NKK: Ghetto Disco Records was a natural transition for my Dad and me after the continued success of our "Ghetto Disco Show" which has gone from strength to strength. We wanted to take our passion for music and vinyl that step further. With a stream of high-quality re-work exclusives being sent into to be played on air, the opportunity arose to turn this into something more. The label was in planning stages for a while and has finally taken off this year :-)
Our first release turned to Serge Gamesbourg. Having already impressed via contributions to Rahaan's Street Edits series and BBE, Gamesbourg has brought two incredible reworks to the table. "The Cool, The Hip & The Square" sees him reworking the track that initially inspired the label, extending, chopping and rearranging the killer disco original in all the right places. Arguably even better, though, is the B-side sensuality of "Bring Them Back Together", a glassy-eyed rework of a Philly soul gem that's as sultry as the come.
MM: What are your goals and plans for the label? Do you have an idea of what you want your label to represent in the music world?
NKK: This label aims to promote the high-end spectrum of the Disco edits scene with an array of prestigious producers that are popular within the modern Disco world. Each release will initially be limited edition to 500 copies with the opportunity to increase this, dependant on demand.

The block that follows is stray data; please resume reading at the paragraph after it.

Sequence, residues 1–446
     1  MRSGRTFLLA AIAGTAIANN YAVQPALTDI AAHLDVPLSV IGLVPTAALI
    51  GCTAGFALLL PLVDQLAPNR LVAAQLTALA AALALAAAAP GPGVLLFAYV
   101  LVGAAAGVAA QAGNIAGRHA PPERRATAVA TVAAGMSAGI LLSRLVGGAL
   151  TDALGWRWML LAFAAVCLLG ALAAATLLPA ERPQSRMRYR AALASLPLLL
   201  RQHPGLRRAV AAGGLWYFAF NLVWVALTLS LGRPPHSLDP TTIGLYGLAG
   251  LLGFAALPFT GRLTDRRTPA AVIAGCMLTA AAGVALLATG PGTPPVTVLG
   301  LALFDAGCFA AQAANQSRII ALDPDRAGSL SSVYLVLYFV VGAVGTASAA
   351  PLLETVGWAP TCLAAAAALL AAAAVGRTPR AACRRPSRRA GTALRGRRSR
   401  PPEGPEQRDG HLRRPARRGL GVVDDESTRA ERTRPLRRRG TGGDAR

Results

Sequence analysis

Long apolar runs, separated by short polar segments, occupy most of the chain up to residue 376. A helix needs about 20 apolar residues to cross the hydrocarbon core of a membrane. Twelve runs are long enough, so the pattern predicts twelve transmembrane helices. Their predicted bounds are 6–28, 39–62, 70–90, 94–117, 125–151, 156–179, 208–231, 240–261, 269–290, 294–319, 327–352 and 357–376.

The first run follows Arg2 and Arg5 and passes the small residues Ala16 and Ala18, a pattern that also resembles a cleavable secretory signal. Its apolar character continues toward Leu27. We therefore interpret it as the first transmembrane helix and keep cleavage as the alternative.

Future goals for Ghetto Disco Records, include an original 45’s series which will go under Ghetto Disco 45’s. This will come into play once we have tried and tested the Disco 12’s market and established a name within this realm. Ghetto Disco 45’s will be focused on bringing original unreleased (fully licensed) material to the market, which will help to open up the brand to a broader market (purists, time to buckle up!)
MM: What challenges do you think prevents many other female producers and DJs from pursuing running their own labels? Or even performing (if they never make it out of bedroom DJ'ing).
NKK: Self-doubt. The inability to break mental barriers. If you want it, go get it and let nothing stop you.
MM: There is a lot of back and forth about the title of being a "female" DJ/producer, some believe that the title should be used to encourage all female labels and rosters, lineups to create equal opportunity and allows for more opportunities. Others believe the title creates the segregation that most female DJs/Producers are trying to get around being called. They don't want a gender specified title. Thoughts?
NKK: I am very neutral on this subject. I've always just gone with what I wanted and never let gender come into it. Never let gender stereotypes put you off aspirations, I say!
MM: What advice or message do you have for young aspiring females in the music world and young aspiring DJs who have an obscene love for Disco which gets an unfair cheese label?
NKK: Embrace it. Believe in what you do and do what you believe in. Always stay true to yourself and don't ever let perception hinder you.